Hydrogen & Fuel Cells
- Category: Hydrogen & Fuel Cells
05 Sep 2012
- Published on Wednesday, 05 September 2012 09:04
- Hits (1961)
Cobalt could be the key to providing better and cheaper catalysts for hydrogen production.
Ancient crafts workers prized cobalt-based pigments for their ability to lend a blue tint to ceramics, glass works or metal wear, the most common example being the blue and white porcelain prized by the Chinese during the Tang, Song and Ming dynasties.
Today’s Caltech chemists are hoping to harness another property of cobalt and cobalt compounds – its ability to trigger the electrolysis of water. Electrolysis is commonly known as water splitting, where water is separated into its composite elements oxygen and hydrogen.
Efficient and economical water splitting is key to the use of hydrogen as a sustainable fuel and power source. In order to achieve this, robust and cost-efficient catalysts must be developed.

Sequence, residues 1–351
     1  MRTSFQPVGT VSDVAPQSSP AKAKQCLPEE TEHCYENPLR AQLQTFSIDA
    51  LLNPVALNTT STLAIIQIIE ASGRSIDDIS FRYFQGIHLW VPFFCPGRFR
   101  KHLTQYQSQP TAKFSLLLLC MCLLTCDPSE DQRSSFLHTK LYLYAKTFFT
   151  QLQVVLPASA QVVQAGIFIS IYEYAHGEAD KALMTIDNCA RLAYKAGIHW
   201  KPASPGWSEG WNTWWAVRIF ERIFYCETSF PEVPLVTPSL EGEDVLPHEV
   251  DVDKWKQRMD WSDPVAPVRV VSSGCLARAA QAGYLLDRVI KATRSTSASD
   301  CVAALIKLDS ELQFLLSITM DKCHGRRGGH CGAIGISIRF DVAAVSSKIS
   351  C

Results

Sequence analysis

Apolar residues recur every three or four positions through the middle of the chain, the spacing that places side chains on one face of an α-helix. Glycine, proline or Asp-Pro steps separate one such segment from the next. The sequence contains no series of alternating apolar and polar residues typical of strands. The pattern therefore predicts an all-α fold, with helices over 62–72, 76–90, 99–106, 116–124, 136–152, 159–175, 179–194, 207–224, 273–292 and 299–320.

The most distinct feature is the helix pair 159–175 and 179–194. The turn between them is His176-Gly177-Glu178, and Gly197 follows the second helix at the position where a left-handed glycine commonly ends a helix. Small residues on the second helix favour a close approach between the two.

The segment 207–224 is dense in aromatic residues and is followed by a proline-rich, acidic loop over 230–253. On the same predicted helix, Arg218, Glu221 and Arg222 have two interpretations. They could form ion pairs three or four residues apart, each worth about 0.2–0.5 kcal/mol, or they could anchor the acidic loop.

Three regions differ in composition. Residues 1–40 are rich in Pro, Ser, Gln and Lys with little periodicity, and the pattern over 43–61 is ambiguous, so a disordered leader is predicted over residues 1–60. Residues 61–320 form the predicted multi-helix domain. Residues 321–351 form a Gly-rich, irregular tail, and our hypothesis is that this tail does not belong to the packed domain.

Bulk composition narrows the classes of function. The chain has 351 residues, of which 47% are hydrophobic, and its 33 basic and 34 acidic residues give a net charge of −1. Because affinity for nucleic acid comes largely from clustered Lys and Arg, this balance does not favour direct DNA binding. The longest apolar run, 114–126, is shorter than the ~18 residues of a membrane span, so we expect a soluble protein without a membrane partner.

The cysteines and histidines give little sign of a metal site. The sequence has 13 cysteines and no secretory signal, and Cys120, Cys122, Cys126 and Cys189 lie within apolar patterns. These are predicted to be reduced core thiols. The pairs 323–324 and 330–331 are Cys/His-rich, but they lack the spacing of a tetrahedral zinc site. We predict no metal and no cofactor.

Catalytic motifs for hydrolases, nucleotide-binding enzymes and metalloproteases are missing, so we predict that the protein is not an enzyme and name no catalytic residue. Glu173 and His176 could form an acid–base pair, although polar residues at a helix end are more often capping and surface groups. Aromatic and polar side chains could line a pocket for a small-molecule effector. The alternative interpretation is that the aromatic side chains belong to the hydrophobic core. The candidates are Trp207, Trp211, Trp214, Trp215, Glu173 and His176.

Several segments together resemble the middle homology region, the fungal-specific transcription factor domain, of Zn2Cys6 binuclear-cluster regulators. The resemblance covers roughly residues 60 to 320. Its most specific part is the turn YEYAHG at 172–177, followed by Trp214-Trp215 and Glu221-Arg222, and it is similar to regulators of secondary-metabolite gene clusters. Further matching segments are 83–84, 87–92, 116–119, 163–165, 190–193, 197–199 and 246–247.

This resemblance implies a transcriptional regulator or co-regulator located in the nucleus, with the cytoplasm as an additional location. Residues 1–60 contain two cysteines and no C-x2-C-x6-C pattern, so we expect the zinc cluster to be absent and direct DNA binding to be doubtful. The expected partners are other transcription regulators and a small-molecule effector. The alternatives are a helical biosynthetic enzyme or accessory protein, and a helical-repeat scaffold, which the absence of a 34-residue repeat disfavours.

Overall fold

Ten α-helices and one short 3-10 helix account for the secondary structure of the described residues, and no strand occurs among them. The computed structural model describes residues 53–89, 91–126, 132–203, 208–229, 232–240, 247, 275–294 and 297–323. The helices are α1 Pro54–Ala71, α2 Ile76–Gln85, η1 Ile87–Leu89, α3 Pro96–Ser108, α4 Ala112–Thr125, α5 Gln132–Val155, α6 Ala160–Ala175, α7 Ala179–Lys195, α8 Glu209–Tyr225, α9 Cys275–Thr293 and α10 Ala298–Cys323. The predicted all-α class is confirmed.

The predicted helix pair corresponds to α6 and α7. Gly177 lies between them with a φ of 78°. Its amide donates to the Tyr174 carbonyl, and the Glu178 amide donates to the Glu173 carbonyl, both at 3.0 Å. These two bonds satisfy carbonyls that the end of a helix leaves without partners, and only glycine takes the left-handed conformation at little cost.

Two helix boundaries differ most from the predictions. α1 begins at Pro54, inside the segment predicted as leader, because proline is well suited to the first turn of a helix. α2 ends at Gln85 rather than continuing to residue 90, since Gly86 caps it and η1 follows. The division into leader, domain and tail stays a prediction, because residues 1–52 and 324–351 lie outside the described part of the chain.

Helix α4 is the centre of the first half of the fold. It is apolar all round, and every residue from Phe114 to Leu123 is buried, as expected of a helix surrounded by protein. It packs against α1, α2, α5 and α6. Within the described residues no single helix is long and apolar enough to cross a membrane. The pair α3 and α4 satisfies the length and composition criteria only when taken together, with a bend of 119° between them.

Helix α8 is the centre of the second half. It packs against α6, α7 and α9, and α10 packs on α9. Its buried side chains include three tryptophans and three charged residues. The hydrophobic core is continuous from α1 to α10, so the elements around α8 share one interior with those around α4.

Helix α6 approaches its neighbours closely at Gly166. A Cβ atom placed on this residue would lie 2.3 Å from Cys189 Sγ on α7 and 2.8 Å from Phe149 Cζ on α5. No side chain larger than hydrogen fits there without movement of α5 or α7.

The most common catalysts are platinum or platinum-based materials, but platinum is a rare and expensive material. Cobalt catalysts are a less costly alternative but it can’t match the performance of platinum as of yet.
The Caltech researchers decided to get a closer look at cobalt to determine the mechanism or chemical pathway by which cobalt triggers the water splitting reaction.
Caltech postdoctoral scholar Smaranda Marinescu was able to add a set of ligands to cobalt, slowing down the reaction to the point where they could observe it using a nuclear magnetic resonance spectroscopy and see it happen in real time.
They found that a key point in the reaction was cobalt gaining an extra electron, forming a compound called cobalt(II) hydride.
"We now know that you have to put another electron into cobalt catalysts in order to get hydrogen evolution,” said Harry Gray, professor of chemistry and the senior author of a paper describing the team’s findings.
"Now we have to start looking at designs with ligands that can accept that extra electron or those that can make atomic cobalt, which already has the extra electron," added Mr. Gray.
The work was supported by the National Science Foundation Center for Chemical Innovation in Solar Fuels as well as Chevron Phillips Chemical. – EcoSeed Staff